Broward County is already considered the most Democratic friendly metropolitan county in Florida. The state’s second most populous county has consistently performed well for Democrats since the late 1980s. The irony is that Broward, after Pinellas and Orange Counties was probably the most Republican large county in the state between the post New Deal era (1944 election) and the mid 1980s.
According to the Broward Supervisor of Elections Office NPAs have overtaken Republicans in voter registration. The following statistics are as of July 16th.
Democrat 569,852 51.92%
NPA 258,855 23.58%
Republican 256,204 23.34%
In neighboring Palm Beach County NPAs are poised to overtake Republicans in the near future. The current registration breakdown in Palm Beach can be found below.
Democrat: 374,068 44.5%
Republican: 243,345 28.9%
NPA: 223,765 26.7%
Like Broward, Palm Beach was part of the “Republican Horseshoe” until the mid 1980s, an area that allowed the GOP to compete with the Democrats statewide. At the time the base of the Democratic Party in Florida was the Panhandle/Big Bend between the Apalachicola and Suwanee Rivers as well as (Miami) Dade County.
Demographic changes throughout the state have changed the landscape substantially since the late 1970s. Orange County, the buckle on the Republican horseshoe did not support a single Democratic Presidential candidate between 1944 and 1996. When Al Gore carried the county in 2000 it ushered in a trend that has continued since: Barack Obama won Orange by nearly 20 percentage points in 2008.
Pinellas County was traditionally the most Republican metropolitan county in the state, and has not elected a resident Democratic Congressman since the 1940s. Yet Pinellas last gave a Republican Presidential candidate a county-wide majority in 1988 and this year for the first time since the 1960s has a more registered Democrats than Republicans countywide.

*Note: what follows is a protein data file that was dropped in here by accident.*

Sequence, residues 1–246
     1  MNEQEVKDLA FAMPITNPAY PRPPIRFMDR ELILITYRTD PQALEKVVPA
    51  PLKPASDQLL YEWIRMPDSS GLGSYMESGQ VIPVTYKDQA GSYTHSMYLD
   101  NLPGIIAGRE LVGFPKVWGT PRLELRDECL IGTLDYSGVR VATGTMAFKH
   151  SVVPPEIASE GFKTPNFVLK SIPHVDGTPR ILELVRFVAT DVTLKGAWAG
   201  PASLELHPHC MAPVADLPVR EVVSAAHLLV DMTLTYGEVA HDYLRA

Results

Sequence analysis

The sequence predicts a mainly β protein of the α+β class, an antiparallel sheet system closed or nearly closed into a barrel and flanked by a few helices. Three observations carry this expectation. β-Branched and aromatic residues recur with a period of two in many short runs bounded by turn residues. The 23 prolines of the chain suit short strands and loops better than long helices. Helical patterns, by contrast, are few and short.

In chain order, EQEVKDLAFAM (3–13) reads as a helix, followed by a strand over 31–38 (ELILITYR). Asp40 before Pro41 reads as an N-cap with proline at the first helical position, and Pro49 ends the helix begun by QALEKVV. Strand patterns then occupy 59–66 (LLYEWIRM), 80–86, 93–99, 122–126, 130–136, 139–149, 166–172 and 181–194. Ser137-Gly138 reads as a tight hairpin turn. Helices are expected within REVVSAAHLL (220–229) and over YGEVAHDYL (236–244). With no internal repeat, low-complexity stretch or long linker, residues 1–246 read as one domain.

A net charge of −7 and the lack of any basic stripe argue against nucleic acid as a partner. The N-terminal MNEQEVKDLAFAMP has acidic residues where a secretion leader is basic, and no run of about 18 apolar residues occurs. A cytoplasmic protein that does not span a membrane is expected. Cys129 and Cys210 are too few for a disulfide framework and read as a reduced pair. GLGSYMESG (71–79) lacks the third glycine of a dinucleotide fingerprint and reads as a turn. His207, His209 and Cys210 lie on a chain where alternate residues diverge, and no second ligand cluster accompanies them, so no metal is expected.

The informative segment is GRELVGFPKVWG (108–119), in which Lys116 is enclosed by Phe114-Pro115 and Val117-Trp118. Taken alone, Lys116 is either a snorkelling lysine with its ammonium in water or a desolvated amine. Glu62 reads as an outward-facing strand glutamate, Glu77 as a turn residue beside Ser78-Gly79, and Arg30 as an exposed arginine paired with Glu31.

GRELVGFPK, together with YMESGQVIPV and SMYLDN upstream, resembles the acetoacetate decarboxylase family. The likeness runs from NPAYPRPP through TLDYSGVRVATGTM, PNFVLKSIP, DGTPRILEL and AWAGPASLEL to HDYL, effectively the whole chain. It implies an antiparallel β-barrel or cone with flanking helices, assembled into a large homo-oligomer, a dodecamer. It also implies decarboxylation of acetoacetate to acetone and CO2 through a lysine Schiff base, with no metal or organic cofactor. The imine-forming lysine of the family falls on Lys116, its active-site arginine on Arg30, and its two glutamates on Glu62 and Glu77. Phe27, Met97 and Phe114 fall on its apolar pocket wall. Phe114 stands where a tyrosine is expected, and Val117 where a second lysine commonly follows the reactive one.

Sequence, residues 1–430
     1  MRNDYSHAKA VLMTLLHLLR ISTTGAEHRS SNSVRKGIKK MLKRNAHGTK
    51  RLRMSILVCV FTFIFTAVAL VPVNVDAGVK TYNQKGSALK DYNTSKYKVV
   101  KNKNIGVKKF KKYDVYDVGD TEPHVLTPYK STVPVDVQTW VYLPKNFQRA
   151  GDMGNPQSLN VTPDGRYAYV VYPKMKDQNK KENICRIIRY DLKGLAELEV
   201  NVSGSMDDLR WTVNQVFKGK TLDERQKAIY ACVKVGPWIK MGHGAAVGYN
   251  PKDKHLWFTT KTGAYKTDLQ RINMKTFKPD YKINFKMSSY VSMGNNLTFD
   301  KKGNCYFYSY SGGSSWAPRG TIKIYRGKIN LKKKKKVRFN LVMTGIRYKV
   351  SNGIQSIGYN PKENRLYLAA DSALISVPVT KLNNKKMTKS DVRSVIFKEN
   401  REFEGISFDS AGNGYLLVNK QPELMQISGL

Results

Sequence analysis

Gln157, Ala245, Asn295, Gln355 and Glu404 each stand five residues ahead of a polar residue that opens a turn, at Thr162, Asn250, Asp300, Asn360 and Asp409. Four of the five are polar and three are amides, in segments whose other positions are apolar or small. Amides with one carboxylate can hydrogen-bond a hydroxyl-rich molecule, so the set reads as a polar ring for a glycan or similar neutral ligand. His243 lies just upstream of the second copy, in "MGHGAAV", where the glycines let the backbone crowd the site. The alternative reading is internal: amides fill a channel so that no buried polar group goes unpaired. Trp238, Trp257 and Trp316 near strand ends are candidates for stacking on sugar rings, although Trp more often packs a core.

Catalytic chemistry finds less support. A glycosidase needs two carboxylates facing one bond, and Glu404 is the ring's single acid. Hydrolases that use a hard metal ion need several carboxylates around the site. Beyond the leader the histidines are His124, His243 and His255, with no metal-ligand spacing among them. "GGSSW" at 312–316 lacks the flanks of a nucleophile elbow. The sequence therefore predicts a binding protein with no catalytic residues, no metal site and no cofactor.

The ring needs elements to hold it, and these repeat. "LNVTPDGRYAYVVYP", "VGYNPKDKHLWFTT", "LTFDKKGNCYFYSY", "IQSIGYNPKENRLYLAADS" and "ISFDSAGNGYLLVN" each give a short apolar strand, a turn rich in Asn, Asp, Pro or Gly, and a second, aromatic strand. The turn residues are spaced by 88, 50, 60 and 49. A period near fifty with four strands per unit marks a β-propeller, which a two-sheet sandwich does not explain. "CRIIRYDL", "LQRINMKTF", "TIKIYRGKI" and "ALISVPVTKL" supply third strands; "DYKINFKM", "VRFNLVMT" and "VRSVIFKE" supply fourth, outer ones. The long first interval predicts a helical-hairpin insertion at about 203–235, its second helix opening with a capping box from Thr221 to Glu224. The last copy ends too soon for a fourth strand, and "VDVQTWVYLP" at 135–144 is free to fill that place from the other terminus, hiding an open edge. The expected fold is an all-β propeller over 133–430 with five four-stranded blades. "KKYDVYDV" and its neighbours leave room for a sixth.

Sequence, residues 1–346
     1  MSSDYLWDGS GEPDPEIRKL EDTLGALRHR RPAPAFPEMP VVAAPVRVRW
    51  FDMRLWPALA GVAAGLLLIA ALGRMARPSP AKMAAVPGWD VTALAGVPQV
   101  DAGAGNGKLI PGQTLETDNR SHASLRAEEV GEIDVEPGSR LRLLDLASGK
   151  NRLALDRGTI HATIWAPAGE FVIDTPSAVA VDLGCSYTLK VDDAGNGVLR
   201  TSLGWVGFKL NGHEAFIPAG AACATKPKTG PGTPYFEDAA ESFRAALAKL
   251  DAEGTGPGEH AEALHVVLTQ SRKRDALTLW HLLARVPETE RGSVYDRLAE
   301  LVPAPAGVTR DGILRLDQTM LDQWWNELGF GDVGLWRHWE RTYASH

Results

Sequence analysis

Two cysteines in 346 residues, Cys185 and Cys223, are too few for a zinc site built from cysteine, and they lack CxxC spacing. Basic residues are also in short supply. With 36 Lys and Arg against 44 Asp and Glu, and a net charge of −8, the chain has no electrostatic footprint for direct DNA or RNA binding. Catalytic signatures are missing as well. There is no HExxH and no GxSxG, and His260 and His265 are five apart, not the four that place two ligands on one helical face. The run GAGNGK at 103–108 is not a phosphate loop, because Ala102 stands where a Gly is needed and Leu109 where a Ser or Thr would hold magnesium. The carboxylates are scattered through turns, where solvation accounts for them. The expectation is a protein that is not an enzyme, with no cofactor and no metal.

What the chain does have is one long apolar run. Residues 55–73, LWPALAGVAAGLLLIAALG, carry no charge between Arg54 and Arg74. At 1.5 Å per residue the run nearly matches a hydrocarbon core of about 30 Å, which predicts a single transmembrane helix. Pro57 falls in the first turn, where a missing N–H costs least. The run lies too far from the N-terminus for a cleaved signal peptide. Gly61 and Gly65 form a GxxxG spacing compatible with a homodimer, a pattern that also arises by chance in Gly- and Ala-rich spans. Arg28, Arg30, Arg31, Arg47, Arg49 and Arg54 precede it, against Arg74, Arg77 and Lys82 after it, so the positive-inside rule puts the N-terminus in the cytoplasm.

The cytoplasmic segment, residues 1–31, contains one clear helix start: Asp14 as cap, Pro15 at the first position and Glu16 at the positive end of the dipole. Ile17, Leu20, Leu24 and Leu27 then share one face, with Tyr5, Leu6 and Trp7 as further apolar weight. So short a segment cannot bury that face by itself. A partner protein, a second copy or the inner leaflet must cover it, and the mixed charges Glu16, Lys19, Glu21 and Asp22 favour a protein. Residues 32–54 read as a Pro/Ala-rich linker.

Yet, because the Panhandle and Miami-Dade County have become more difficult terrain for Democrats since the 1980s, and much of the institutional leadership of the party hail from those areas, we hear of Democratic decline statewide. This fatalism is simply an excuse for those who don’t want to work hard and engage new voters. Florida was a southern state as late 1972 when George Wallace routed the field in the Democratic Primary. But today it is a microcosm of the country demographically and based on party ID. But unlike the nation as a whole where elections are competitive, the Democrats in Florida have applied 1970s / 1980s logic and defeatism to explain why this state has the worst record of electing Democrats to cabinet office this millennium than any state east of the Mississippi.
Long term demographic trends favor Florida becoming solidly Democratic over time. But our leadership at both the county and statewide level seem unaware of the changes and unprepared to take advantage of them.